Indian Prime Minister Narendra Modi in New Delhi on Aug. 15. (Manish Swarup/AP)

By Rana Ayyub

Aug. 8: A crowd chants slogans calling for the genocide of Muslims during a rally in New Delhi called by a former spokesperson of Prime Minister Narendra Modi’s ruling party. The instigator is arrested and released in 24 hours.

Aug. 8: Anmol Pritam, a young journalist from the online news organization National Dastak, is heckled by Hindu nationalists at another event in the Indian capital. He says the crowd wanted him to chant “Glory to Lord Rama.”

Aug. 11: In Uttar Pradesh, a Muslim man, Aftar Ahmad, is dragged by a mob and mercilessly beaten as his young daughter begs for mercy. The mob continues to assault him in the presence of cops.

The events of the past few days show how hate continues to spread across India, enabled by Modi’s silence and his majoritarian politics.

The first rally, called by BJP leader Ashwini Upadhyay against covid-19 guidelines, was in favor of a controversial Uniform Civil Code. Modi and his party claim they want to unify India under one code and do away with some of the guidelines and laws that sometimes govern matters within different religious groups. But the genocidal chants gave away their project for more control and discrimination of marginalized communities.

The fact that Upadhyay was released on bail within 24 hours speaks volumes of the justice system in India, where Stan Swamy, one of India’s foremost human rights activists and the country’s eldest political prisoner, died in custody last month after his pleas for medical bail were repeatedly denied in court. Swamy was a Jesuit priest who fought for the secular traditions of the country. The United Nations condemned his death and many others called another stain for India’s “democracy,” but Modi stayed silent — and complicit.

When Secretary of State Antony Blinken visited India recently, he highlighted the Indian people’s “steadfast commitment” to “democracy, to pluralism, to human rights, to fundamental freedoms.” But nothing could have been further from the truth. Anyone paying attention knows that India is rapidly declining into an authoritarian cauldron of communal hate and polarization, where every sensible voice being systematically silenced and intimidated.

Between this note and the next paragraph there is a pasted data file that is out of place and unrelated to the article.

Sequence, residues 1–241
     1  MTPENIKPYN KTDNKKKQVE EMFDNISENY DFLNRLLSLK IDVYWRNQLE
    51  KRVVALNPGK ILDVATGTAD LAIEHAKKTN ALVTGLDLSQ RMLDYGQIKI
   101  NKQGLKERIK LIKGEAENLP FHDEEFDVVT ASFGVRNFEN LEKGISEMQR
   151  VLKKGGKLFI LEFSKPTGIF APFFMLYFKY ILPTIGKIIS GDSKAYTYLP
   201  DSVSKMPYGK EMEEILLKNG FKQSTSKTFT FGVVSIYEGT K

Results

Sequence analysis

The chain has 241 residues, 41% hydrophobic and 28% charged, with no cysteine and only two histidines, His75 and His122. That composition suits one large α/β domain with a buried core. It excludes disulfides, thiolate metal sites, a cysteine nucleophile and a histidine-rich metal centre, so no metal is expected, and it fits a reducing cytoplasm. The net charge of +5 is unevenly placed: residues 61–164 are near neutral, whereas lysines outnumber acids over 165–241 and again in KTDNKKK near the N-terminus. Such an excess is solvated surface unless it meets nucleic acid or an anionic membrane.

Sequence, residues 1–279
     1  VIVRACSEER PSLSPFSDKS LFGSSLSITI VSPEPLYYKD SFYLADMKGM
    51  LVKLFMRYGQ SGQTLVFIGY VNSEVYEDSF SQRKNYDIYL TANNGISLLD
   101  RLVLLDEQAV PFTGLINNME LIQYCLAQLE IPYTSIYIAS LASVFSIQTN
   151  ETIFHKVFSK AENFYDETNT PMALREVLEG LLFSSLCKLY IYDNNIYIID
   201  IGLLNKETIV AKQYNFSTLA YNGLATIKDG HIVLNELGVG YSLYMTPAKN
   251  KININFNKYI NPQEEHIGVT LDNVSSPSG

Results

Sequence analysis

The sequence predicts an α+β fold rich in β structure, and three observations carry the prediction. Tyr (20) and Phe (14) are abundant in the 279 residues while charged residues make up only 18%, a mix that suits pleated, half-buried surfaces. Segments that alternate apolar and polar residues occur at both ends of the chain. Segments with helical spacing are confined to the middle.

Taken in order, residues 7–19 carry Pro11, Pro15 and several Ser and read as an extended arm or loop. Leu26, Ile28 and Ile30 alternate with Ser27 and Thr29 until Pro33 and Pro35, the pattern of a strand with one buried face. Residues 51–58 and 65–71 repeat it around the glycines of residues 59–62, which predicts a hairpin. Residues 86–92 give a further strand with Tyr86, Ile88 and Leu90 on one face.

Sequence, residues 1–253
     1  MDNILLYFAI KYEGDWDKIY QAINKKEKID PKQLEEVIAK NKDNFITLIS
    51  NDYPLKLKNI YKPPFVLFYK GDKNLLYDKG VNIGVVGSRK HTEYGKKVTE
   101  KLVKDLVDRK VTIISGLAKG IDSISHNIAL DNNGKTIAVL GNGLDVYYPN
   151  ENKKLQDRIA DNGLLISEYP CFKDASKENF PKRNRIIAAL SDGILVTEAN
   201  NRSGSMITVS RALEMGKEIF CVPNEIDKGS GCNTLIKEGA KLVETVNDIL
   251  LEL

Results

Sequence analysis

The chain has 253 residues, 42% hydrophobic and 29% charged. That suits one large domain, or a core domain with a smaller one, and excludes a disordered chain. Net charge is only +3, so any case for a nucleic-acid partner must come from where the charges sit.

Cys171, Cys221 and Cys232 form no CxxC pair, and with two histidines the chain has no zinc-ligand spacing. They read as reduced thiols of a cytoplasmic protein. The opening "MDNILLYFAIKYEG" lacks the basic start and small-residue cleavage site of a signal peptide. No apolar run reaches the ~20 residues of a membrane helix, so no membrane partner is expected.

When journalists are not being intimidated on the streets of the capital, their TV stations and newspapers are raided by tax agents — all for daring to report the truth about the pandemic’s devastation in India. TV channel Bharat Samachar and newspaper Dainik Bhaskar, both critical of the Modi government, are now being investigated for tax evasion. The BBC reported that the homes of some employees have also been raided, and many have had their mobile phones seized.

I know of two prominent writers and a journalist critical of the Modi regime who are also being investigated by the Income Tax Department for their alleged “international source of income.” Even I’ve been questioned by at least three investigating agencies over the past three months, made to sit for 12 hours at a stretch, interrogated about my “connections” with international editors and publications. It’s a nightmare. Last week, I posted a note on my Instagram saying that that I was taking a break to protect my mental health after these traumatic experiences. But I have picked up my pen now just to let the government know, loud and clear, that neither I nor my brave colleagues can be silenced.

There is not a corner in India that does not reek of a moral decline.

Twitter India, which had locked horns with the Indian government not too long ago, last week temporarily blocked the accounts of thousands of leaders of the Indian opposition, including Congress leader Rahul Gandhi. The accounts were blocked after a complaint from the National Commission for Protection of Child Rights over the sharing of photographs of Gandhi’s interaction with the family of a 9-year-old Dalit girl who was raped and killed in New Delhi. The body of the girl was forcefully cremated, triggering days of protest. The girl’s parents have accused a Hindu priest and three others of attacking her.

The gruesome murder did not seem to offend the National Commission for Protection of Child Rights — it was the sharing of photographs that sprung them to act. In the past, Twitter had labeled the accounts of BJP officials and supporters for spreading misinformation. It’s clear this time they acted under political pressure.

Of course, Modi gets to ignore all of this since he’s been so busy celebrating India’s victories at the Tokyo Olympics, coopting them as his own. News channels that should be questioning the prime minister over his criminal abdication for the attack on the minorities instead have showered him in praise for India’s performance at the Games. It seems like most people prefer wearing a tricolored blindfold than facing reality: Islamophobia, tyranny and injustice are gnawing India; critics are being silenced with intimidation tactics or being surveilled with spyware.

The cries of Ahmad’s young daughter as she tried to protect him made me and millions of Indians feel helpless; Hindu nationalist forces are growing more emboldened and violent. People are being tormented for speaking truths that destroy the well-oiled PR machinery of the government. With each passing week, Indian “democracy” makes it harder for citizens with a conscience to breathe. Can the world continue to be a silent spectator?

This story first appeared on